Horizon DaaS

The Horizon DaaS platform has multiple admin and user portal URLs. The Service Provider uses Service Center to manage the entire Horizon DaaS platform including all the tenant environments. The tenant administrator uses the Horizon Admin portal to manage the tenant part, like creating images, desktop pools and assigning users to desktop pools.

It’s optional (but recommended) to replace the default self-signed certificate for Service Center with a trusted certificate. For the Horizon Admin portal, it’s even a requirement, otherwise the end-users will receive a certificate warning each time they launch resources.

You can request these certificates via an SSH connection to the Service Provider appliance. By default, the Service Provider appliance have OpenSSL installed on it.

Requesting the certificate

If we follow the instructions provided by VMware, the certificate can be correctly requested. There is, however, one limitation regarding the Google Chrome browser.

Google Chrome requires you to also provide the Subject Alternative Name (SAN) during the certificate request, otherwise, you will get a certificate error in the browser stating the certificate is not trusted. When you hit F12 within the browser you will see the message “Subject Alternative Name Missing

missing_subjectAltName

The Internet Explorer (IE) and Firefox browsers do not have this problem. To fix this problem for Google Chrome, you will have to include the SAN in a configuration file during the certificate request.

You can safely use the following example for this configuration file (in this case openssl.conf, which is used in this case for the certificate for Service Center) – please replace everything in <bold>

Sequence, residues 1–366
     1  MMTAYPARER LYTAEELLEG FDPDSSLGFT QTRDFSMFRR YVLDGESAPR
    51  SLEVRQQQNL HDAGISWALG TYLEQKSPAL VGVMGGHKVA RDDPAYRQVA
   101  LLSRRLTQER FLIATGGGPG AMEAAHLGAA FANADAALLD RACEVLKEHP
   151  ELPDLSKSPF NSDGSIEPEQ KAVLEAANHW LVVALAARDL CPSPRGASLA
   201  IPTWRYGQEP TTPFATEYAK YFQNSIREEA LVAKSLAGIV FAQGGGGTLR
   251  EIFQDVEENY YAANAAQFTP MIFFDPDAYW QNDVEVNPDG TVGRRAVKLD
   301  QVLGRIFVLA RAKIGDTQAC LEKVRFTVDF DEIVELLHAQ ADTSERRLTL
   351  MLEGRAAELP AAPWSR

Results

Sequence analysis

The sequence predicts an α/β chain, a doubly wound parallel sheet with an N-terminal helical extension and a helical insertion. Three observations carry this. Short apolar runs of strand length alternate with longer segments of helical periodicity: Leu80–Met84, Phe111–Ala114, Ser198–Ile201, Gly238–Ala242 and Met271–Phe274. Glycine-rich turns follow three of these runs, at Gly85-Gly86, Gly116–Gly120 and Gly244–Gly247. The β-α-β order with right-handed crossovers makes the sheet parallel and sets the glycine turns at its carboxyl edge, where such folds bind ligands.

Please Note: Sometimes the format is copied incorrectly. Please note the quotes (“) after copy.

[ req ]
default_bits = <2048>
default_md = sha512
prompt = no
encrypt_key = no

# base request
distinguished_name = req_distinguished_name

# extensions
req_extensions = v3_req

# distinguished_name
[ req_distinguished_name ]
countryName = “<NL>” # C=
stateOrProvinceName = “<Noord-Holland>” # ST=
localityName = “<Amsterdam>” # L=
postalCode = “<1234>” # L/postalcode=
streetAddress = “<Dorpstraat 1>” # L/street=
organizationName = “<Login Consultants>” # O=
organizationalUnitName = “<IT Support>” # OU=
commonName = “<ServiceCenter.domain.local>” # CN=
emailAddress = “<support@domain.local>” # CN/emailAddress=

# req_extensions

[ v3_req ]
subjectAltName = @alt_names

[alt_names]
DNS.1 = <ServiceCenter.domain.local>
DNS.2 = <SP1.domain.local>
DNS.3 = <SP2.domain.local>

Note: In the subjectAltName field, specify at least one DNS with the same name as the commonName. This can also be a wildcard, for example, *.domain.local. You can also include multiple DNS names and create a SAN certificate, as I have used in my example.

Use the following command-line to create the request:

openssl req -new -newkey rsa:2048 -nodes -keyout c:\temp\daas\daas2.key -out c:\temp\daas\daas2.csr -config c:\temp\daas\openssl.conf

Installing the certificate

You can safely follow the instructions VMware provided in the documentation:

  • For Service Center, instructions can be found here
  • Applying the Tenant certificates can be found here